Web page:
This entry is part 20 of 25 in the series 30 Days on the Chinese Church

The most precious resource of any church is its lay leaders and co-workers. Yet all to often churches take these people for granted and fail to give them the care that they need. Today I want to share about how this applies to Chinese churches.

Growing and Serving

When people from CFC move out of the area and are looking for a new church, I advise them to find a place where they can both grow and serve. The church should provide solid in-depth teaching as well as care and support in order to help people to grow. They also need to be able to find opportunities to serve that are a good match for their abilities and spiritual gifts. It is unhealthy to have one without the other. If people are constantly fed without serving they become spiritually fat and lazy, while if they are constantly serving without being fed and nurtured they become burned out.

Chinese culture values the ability to “eat bitterness” (chi ku) and remain steadfast in the face of difficulty. We all need to do this at times. I have great admiration for some of the Christians in China, who have remained faithful in the face of incredible opposition. But the church should not be a place where it is constantly necessary to “eat bitterness.” Yes, Christians should be dedicated and should serve sacrificially. But it is also the job of leaders to care for those who serve.

What sometimes happens in smaller Chinese churches is that one or two college students or young adults remain in the church after finishing high school. Most of their friends have left the church, but they stay behind because they are committed to the church and very much needed to run the youth ministry. But they don’t have have a peer group at the church, and their church life is all giving and very little receiving. Inevitably they become burned out after a few years and look for a way out.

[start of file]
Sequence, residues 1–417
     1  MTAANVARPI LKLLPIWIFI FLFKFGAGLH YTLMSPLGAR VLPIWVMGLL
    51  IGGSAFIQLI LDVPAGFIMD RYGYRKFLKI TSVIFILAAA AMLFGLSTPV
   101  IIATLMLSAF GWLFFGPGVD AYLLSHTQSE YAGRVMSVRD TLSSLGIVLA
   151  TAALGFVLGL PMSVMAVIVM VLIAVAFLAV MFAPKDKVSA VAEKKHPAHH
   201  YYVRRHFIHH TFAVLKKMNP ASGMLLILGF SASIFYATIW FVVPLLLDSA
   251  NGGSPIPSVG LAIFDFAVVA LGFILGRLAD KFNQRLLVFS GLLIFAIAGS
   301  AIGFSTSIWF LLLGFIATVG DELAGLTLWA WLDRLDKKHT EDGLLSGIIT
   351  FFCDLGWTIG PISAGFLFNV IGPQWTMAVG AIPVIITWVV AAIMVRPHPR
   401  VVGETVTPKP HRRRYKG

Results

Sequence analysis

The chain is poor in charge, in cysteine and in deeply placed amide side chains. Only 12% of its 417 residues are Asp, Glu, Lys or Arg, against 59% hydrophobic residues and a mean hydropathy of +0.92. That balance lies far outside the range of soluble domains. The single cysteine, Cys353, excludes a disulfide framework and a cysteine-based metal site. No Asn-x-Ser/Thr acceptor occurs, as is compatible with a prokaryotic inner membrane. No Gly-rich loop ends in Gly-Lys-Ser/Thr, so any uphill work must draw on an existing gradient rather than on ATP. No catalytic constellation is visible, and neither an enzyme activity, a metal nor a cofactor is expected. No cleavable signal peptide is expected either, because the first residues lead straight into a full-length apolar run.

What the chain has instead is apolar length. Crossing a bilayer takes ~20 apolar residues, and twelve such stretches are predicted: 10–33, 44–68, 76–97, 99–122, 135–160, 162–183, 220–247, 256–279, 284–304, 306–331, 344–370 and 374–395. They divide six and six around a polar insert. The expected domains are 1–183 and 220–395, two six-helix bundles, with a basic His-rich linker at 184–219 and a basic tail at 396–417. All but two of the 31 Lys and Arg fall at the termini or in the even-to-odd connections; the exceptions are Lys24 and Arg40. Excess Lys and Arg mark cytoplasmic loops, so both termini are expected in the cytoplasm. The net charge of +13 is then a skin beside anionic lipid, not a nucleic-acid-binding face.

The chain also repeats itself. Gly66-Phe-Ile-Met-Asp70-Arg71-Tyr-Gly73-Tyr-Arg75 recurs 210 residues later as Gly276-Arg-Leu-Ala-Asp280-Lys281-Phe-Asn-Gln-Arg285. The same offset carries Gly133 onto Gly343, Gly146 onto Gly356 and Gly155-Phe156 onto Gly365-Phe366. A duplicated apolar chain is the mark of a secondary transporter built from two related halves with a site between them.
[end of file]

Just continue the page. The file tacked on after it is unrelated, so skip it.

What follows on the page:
I have met a number of young adults like this who have visited CFC, and they tell me that the only way they can see to get a break is to leave their church. I am very sad that it comes to that, and I hope that no one ever has to leave CFC because there is no other way to get a break. We must value the co-workers as people more than we value the work that they do. That’s not easy to do when the pressure is on to get things done, but we must resist the temptation to “use” people to reach our objectives. Sometimes it’s just better to do less.

I realize that smaller Chinese churches may not be ready to start a young adult ministry, so part of the vision for our young adult group is to provide a place for fellowship and spiritual nurture for young adults serving in other churches. If we can help to feed them and send them back to their churches spiritually refreshed, we can help them to continue their work there. For this to work we must be careful not to try to recruit them away from their home churches, because often they are doing valuable ministry there. One young woman who comes to our young adult ministry said that in her home church the young adult group consists of three people: the youth pastor, his wife, and her! She loves the fellowship in our young adult group, and it strengthens her to go back and serve in her home church.

I will be away at a leadership training retreat the next few days, so there will be a break in the series. But I have several more very interesting topics to cover next week.

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